Professors should rethink ‘no laptop’ policy

By on October 27, 2010

I could not wait to take my laptop to college and type out my papers at my leisure–when and where I wanted. But more importantly, I wanted to use it for taking notes during class. One would think students in college, laptop always at the ready, could take notes efficiently.

I have always struggled taking notes in class. I understood my teachers during lectures–I just couldn’t write as fast as they spoke. And after asking many students on campus, they said they experienced the same issue. Lectures can be rushed in 50-minute classes.

Another issue I have, surely along with many other students, is poor handwriting skills. Having bad handwriting is hard enough when you have time to write something out, and then barely are able to read it the next day.

But rushing to take notes at the pace expected can leave some students with words where only a few letters in each word are legible. If the notes are illegible, how are you able to study for a test?

Typing my notes make them clearer, eliminates eraser marks, and includes a handy spell-checker. Generally the process of typing is much faster than writing by hand.

On the first day of each class, the professors handed out the course syllabus. Many of them had ‘no laptops’ written somewhere on the first page. When I read this, I was heartbroken. I questioned how professors could make a case for not allowing students to have computers in the classroom. But I understood — they know how students think, as they were in our position at one time. They know all about Facebook, Twitter and other distractions on the Internet.

But the Internet can have useful purposes as well. As much as educators loathe Wikipedia, it is a very useful resource when wanting to look up a quick fact. There are free dictionaries online to help students understand words they don’t know. And then there is the holy grail of educational resources, which we use here on campus: Blackboard. Many educators use Blackboard as a resource for students to post their work, eliminating the stack of however many 6-10 page papers they have to carry home with them. Professors here also use it to upload syllabi, assignments, and other useful information for students.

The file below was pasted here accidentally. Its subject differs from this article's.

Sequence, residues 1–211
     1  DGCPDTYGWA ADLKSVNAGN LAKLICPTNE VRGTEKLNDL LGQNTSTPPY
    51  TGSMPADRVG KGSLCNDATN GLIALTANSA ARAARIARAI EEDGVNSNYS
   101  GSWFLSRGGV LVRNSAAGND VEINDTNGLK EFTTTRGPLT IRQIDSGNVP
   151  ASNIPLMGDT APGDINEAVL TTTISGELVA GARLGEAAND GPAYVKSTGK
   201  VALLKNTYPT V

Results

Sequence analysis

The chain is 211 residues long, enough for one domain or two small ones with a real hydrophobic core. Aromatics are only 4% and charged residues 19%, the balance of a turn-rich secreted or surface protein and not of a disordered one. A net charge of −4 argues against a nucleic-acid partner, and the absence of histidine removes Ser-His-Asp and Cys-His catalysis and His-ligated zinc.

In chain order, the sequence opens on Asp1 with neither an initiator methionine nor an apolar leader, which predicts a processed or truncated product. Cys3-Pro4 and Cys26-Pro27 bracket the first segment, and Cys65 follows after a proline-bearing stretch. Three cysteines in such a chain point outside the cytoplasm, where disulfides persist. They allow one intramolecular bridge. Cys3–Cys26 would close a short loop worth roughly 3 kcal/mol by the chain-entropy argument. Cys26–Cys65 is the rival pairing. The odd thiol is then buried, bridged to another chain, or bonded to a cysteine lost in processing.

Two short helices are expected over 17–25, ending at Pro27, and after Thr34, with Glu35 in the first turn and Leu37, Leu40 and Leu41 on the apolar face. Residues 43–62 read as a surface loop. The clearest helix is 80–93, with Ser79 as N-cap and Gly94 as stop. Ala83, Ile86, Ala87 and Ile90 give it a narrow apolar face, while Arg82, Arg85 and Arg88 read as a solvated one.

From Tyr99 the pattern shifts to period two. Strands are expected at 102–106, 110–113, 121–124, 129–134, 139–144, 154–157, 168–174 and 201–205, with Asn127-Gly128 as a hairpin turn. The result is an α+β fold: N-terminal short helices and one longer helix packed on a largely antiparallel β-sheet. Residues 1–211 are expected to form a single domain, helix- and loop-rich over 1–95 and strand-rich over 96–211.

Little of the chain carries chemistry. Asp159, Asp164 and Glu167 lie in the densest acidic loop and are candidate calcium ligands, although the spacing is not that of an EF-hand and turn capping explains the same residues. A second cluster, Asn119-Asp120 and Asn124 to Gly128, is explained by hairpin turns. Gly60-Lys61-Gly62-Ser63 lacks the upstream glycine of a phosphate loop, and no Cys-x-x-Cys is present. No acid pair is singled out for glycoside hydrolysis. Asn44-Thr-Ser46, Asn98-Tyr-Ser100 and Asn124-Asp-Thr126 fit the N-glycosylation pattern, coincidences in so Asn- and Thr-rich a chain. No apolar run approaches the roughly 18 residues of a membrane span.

How many times have your professors asked you to get something off Blackboard?

During tests, it is understandable to forbid students to use laptops, as the temptation to cheat would only grow into a reality for some. However, during regular classes it is unreasonable to prohibit students from using their laptops because of the social aspect computers carry with them. Students who are here to learn would still pay attention in class, rather than goof around online. Those who choose to be delinquent are disrespectful to the professor and miss out on their educational experience. If students choose to throw away their tuition money by not paying attention in class, let them!

It is as if the Internet is what renders us unable to bring our laptops to class, and if that is the case, why even have a laptop?

Students should be allowed to use laptops during class, and face the consequences if they are not using them responsibly.

Comments

About Christine Little

One Comment

  1. Gary Pandolfi

    January 14, 2011 at 10:16 am

    I agree wholeheartedly.
    Since the university requires students to have a laptop, faculty should embrace its use.

    Now, I will say that if a student’s laptop use is distracting his peers, then the students should ask him or her to stop.
    If you are attending a concert and someone is talking or crunching wrappers next to you, spoiling your enjoyment of the show, you should say something. You don’t expect the performer to stop and ask people not to crinkle wrappers or talk during the show.

    Some students need to be educated about proper classroom etiquette. Taking away a laptop eliminates a learning opportunity.

    Faculty who are daunted by technology in the classroom should consult their instructional technologists to find ways to leverage technology to improve learning outcomes. Faculty needing suggestions or help incorporating technology to facilitate realization of learing outcomes should contact Academic Technology for a consultation. They may find that an small initial investment in course redesign could pay huge dividends in the long run.